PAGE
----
I’m Over It Now

by admin on September 9, 2015

Thanks to my blog readers for all their helpful comments on my last post. Especially I’d like to give credit to Todd Bryant, who figured out that my 60th move against Bryon Doyle was just fine. In fact, 60. Rxh6 is the most natural move there, and several people said that they would also have played it and maybe not even looked at 60. Rf5+. I still think that 60. Rf5+ would win with a nice flourish, but my gut instinct to play 60. Rxh6 was not mistaken. It was my massive time-trouble breakdown/panic attack afterward that was to blame for the draw.

Craig Mar says that to stay above 2200, you have to study endgames. He may be right.

Strangely, almost everybody who is a Facebook friend of mine had a bad weekend at the chess board. Uyanga Byambaa, who beat me in round three, nevertheless had a disaster in round six when she hung a queen in a probably winning position. Michael Aigner played only one game and had to withdraw for health reasons. Elliott Winslow wrote an anguished Facebook post the night before the tournament about a disaster in his love life, and not surprisingly he was in no shape to play. He lost a couple games and withdrew. The curse even extended to people playing in other tournaments. Simon Rubinstein-Salzedo went +1 -4 = 1 in the southern California championship. Mike Zaloznyy, playing in Nevada, said he had his worst tournament of the year. Even Jason Cigan up in Oregon, who has been on a roll this year, had a setback last weekend. If misery loves company, I’ve got a lot of it.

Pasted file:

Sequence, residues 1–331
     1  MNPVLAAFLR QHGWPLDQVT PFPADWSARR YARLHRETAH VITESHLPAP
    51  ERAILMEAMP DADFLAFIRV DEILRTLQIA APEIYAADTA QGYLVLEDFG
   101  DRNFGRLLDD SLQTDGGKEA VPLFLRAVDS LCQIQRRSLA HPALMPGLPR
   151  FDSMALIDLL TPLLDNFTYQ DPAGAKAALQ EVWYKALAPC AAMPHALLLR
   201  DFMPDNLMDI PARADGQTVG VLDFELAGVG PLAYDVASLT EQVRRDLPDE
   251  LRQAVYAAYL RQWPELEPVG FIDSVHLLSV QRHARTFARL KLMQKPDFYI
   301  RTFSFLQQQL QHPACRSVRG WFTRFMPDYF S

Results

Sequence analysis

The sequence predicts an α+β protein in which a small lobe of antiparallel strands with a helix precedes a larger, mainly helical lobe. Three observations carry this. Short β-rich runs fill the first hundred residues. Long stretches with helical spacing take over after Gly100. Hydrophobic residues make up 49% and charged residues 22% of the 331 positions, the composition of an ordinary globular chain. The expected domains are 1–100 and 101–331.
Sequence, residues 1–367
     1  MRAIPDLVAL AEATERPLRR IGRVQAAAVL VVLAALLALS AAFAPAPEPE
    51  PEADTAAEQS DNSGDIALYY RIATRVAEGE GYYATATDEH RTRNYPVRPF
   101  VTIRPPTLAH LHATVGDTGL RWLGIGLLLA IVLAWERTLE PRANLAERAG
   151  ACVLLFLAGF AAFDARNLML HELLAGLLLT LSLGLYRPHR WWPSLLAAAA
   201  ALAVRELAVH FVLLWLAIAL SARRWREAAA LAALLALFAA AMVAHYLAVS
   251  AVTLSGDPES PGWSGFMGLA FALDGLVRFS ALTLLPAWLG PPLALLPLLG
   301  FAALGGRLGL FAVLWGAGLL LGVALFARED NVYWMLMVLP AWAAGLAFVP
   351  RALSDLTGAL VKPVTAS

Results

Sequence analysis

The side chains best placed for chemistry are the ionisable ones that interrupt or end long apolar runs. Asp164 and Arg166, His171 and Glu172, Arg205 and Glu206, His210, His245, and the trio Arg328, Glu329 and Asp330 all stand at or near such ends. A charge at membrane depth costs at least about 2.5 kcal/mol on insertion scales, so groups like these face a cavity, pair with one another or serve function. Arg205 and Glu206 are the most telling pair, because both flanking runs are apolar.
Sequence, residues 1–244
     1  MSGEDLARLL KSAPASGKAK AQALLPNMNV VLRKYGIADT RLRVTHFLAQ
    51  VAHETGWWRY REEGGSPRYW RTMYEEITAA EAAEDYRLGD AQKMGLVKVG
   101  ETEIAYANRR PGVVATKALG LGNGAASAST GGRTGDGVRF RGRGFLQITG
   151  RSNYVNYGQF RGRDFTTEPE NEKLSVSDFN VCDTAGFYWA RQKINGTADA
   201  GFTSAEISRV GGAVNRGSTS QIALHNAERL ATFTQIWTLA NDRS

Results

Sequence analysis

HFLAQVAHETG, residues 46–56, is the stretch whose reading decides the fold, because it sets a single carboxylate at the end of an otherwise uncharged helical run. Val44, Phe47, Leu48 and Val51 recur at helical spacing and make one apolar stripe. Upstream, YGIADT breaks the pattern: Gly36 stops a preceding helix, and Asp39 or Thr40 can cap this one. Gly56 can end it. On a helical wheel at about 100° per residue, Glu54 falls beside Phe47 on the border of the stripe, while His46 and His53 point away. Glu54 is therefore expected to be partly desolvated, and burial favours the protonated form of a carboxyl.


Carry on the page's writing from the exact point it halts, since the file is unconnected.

The results of the northern California championship have now been posted. Obviously somebody had to win, and in this case it was two of the grandmasters: Daniel Naroditsky and Ioan Chirila, who scored 5-1. Congratulations to them, especially to Danya who was playing only ten minutes away from home! I like to see the home boys defending the honor of California.

Among the younger players, Cameron Wheeler and Rayan Taghizadeh had fantastic tournaments with 4½-1½ scores. Cameron had a big advantage against Naroditsky in their game, when Naroditsky employed the “grandmaster defense.” (Offer a draw to your opponent. This works especially well when you are rated 300-400 points higher or when you are a GM.) As for Taghizadeh, not only did he beat GM Kraai as I wrote in my last post, he drew GM Chirila and actually went into the last round in clear first place. However, he lost to Naroditsky and dropped to third.

And now for the ratings. Lots of sad faces here …  🙁  🙁 🙁

Me: 2203 –> 2179

Uyanga Byambaa: 2204 –> 2196

Ladia Jirasek: 2221 –> 2194

Getting over 2200 isn’t the hardest thing. Staying over 2200 is harder! Study those endgames. And don’t … don’t … don’t let yourself get into time pressure!

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{ 1 comment… read it below or add one }

Mary Kuhner September 10, 2015 at 9:25 am

I’m afraid I contributed to Jason Cigan’s bad weekend :-<

After managing to lose my Monday morning game in 17 moves, I hung out with the parents of various young players in the lounge, and we talked about how to handle losing. It's not only young players who struggle with this. I quit chess in '87 in large part because I'd become obsessed with rating and the "burden" of having a 2100 rating and therefore expecting myself to consistently beat experts and A-players was too high. I hope I'm doing better now.

The parent comment I liked best was "So you're a super-GM and you walk into the room for the first round of the Sinquefield. You're one of the very best players in the world! But it's 50/50 that you'll walk out of that room having lost your game [all games were decisive that round]. So you'd better just learn to deal with it."


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